Question:Why do the churches of Christ have two worship services on Sundays? Is it required and is it scriptural? If so, how can I get the heart and desire to go out of my own way to worship God whenever the church meets, as Hebrews talks about not giving up meeting together? I find it gets in my own schedule's way to go to both services because I am a full-time college student where I often do homework on weekends, and I often drive ten minutes away to go there. But I know these are just excuses and if it's God's will that we meet, then I want to do His will. What are your thoughts?
In my own case, I attended a university full-time, worked part-time, attended a local church on Sunday evenings and Wednesday nights and drove a hour to a country congregation to help them with the preaching on Sunday mornings.
Evening worship services are generally traced back to World War II when businesses shifted to seven-day, 24-hour work schedules in order to support the war effort. In an effort to make it possible for their brethren to worship, two assemblies were offered. It has remained popular with most congregations, though you will find that many congregations in the northeast have returned to one meeting per Sunday because of distance brethren have to travel to reach the building. The congregation where you attend decided that for most of the brethren holding services two times on Sunday worked best for the people there. It is not fixed in stone, but if that is what works, those who are members show adapt themselves to benefit the brethren.
The problem you are facing is not the frequency for which you attend. After all you go to you college classes far more often and for longer periods of time without too much difficulty. Nor is the distance anything worth mentioning. You go other places that are farther on a regular basis without too much difficulty. The real problem is one of priorities. You put other things first in your life and now find that something needs to give. That is why the Lord said, "But seek first the kingdom of God and His righteousness, and all these things shall be added to you" (Matthew 6:33).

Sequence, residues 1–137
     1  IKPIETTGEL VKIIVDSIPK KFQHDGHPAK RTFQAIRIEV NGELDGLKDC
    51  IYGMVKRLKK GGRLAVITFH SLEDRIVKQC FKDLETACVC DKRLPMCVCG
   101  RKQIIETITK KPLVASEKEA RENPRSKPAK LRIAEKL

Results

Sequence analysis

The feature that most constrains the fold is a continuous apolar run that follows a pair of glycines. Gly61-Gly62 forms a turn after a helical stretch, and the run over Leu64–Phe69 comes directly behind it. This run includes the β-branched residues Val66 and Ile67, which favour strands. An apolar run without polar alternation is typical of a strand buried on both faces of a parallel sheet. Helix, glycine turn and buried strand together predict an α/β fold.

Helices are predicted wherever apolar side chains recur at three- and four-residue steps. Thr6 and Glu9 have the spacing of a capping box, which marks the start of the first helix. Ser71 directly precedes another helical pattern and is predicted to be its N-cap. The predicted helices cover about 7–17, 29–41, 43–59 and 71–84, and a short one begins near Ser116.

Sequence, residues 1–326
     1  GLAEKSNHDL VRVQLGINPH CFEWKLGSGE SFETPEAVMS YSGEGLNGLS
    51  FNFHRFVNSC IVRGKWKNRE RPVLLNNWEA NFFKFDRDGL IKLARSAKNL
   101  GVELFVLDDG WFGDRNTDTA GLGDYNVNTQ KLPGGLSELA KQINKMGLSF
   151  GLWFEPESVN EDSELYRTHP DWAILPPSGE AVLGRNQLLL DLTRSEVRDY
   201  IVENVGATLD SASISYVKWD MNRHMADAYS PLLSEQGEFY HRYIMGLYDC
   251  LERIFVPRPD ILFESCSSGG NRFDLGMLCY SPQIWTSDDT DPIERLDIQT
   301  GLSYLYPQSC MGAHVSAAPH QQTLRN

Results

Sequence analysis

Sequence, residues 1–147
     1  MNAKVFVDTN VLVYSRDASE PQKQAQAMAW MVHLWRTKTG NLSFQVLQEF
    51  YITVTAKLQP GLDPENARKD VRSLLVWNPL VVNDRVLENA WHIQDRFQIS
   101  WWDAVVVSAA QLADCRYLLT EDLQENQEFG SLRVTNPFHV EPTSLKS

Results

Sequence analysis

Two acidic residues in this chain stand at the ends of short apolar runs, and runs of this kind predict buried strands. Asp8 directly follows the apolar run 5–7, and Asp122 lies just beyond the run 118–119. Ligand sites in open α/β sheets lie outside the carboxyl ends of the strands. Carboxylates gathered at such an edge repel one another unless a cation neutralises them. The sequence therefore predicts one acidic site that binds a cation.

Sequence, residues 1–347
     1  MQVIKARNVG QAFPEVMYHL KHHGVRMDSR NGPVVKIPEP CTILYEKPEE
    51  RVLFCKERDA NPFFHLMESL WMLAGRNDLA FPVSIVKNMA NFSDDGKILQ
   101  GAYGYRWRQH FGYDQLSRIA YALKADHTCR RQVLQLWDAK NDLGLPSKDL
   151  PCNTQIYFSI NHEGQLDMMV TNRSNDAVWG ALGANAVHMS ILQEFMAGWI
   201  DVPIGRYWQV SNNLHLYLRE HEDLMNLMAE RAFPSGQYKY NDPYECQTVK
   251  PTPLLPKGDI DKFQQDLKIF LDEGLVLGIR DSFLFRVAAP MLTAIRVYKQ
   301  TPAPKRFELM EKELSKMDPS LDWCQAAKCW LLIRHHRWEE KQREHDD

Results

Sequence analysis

In the Old Tesatament Israel was told to offer to God the firstfruits of their crops. "Honor the LORD with your possessions, and with the firstfruits of all your increase; so your barns will be filled with plenty, and your vats will overflow with new wine" (Proverbs 3:9-10). In other words, they gave to God first, then worked with what was left for their own purposes. That is what God expects of us as well. When I lay out my budget, my contribution has always come out first, then I figure out what to do with the rest. And the same thing goes with my time. The times for worship and Bible study are blocked out first. Then I schedule the rest of my week around those givens.
After all, the reason we are here is to serve God. "Let us hear the conclusion of the whole matter: Fear God and keep His commandments, for this is man's all. For God will bring every work into judgment, including every secret thing, whether good or evil" (Ecclesiastes 12:13-14). Sadly, you see it as going out of your way to serve God. That shouldn't be. Contrast this to David's attitude. "I was glad when they said to me, "Let us go into the house of the LORD"" (Psalm 122:1).
Far too often people only want to serve when they feel like it. There will always be times when we need to do things despite our feelings. We have lost our sense of duty. "And which of you, having a servant plowing or tending sheep, will say to him when he has come in from the field, 'Come at once and sit down to eat'? But will he not rather say to him, 'Prepare something for my supper, and gird yourself and serve me till I have eaten and drunk, and afterward you will eat and drink'? Does he thank that servant because he did the things that were commanded him? I think not. So likewise you, when you have done all those things which you are commanded, say, 'We are unprofitable servants. We have done what was our duty to do'" (Luke 17:7-10). Each of us are unprofitable servants. There are many commands that we have not accomplished as well as we ought to have done. Even if we do everything we should do, we are still only doing what we should do. But such is the duty we owe God.